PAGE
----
Women Ask Government to Banish Hand Hoe

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In short
The activist at a press conference in Kampala said rural women that make over 70 percent of the farmers in the country are bearing the brunt of the hand-held hoe. They say the women plant seeds by hand, weed by hand and harvest by hand.

Women activist groups in the country want an end to hand hoe-led agriculture saying it is one of the tools hindering the attainment of middle income status for Uganda. 

Under their umbrella body Uganda Women's Network (UWONET), women say the hand-held hoe should no longer be a tool of production.

They told journalists at a press conference in Kampala, that rural women that make over 70 percent of the farmers in the country are bearing the brunt of the hand-held hoe. They say the women plant seeds by hand, weed by hand and harvest by hand.

Uganda Women's Network Executive Director, Rita Aciro Lakor said it is an embarrassment that hand hoe is still encouraged as a preferred tool in agriculture at a time when other countries are mechanizing agriculture.
 
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Eunice Musiime, the Executive Director of Akina Mama wa Afrika says labour intensive agriculture is not yielding much to the farmers yet it comes with spinal cord injuries and premature ageing.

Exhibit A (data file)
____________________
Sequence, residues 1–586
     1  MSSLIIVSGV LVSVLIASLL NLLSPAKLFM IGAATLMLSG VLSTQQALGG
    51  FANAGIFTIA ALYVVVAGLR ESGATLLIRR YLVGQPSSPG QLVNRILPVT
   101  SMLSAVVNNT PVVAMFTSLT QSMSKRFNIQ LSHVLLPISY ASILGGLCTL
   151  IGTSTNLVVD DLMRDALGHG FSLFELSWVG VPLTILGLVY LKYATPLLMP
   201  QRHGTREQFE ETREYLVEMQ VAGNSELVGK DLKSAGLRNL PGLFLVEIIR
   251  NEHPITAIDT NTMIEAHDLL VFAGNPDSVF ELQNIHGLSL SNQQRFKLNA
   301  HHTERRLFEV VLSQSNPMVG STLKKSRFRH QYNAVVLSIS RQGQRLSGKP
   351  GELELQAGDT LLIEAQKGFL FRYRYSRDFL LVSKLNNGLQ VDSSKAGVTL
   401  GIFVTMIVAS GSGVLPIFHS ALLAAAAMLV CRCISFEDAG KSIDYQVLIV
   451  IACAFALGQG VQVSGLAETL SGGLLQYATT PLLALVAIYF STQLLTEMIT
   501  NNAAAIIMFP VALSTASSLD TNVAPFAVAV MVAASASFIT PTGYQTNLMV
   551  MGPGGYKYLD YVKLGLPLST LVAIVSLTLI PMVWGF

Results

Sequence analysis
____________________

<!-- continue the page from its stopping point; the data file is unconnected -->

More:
Musiime says mechanization of the agriculture would ensure more productivity and open up more land to agriculture. She says it is an acceptable for country like Uganda to have ten million of its people faced with hunger.
 
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The women from various organizations were speaking at the launching of activities ahead of World Women's slated for this Wednesday. Their call comes at the time when government has allocated ten billion Shillings towards the purchase of hand hoes for distribution to farmers in the coming financial year.

The allocation however contradicts a commitment by President Museveni and other African Heads of States at the May 2015 Summit to end use of the hand hoe by 2025. The summit was held under the theme, "Women's Empowerment and Development towards Africa's Agenda 2063". The use of the handheld hoe is one of the problems highlighted in Agenda 2063.

Jeff Wadulo, speaking on behalf of Civil Society Budget Advocacy Group (CSBAG) said funding to agriculture has over the years not been increasing at the time when some countries are getting concerned about the ageing profile of their farmers.
 
Wadulo said agriculture should be transformed so that it is attractive not only to women and young people. The solution according to Wadulo is looking at agriculture as a business and investing in modern technologies.

Apart from the hand hoes, the women activists want government to live up to the African Union commitment towards allocating 10 percent of the annual budgets to agriculture, and to target annual agriculture growth of 6 percent.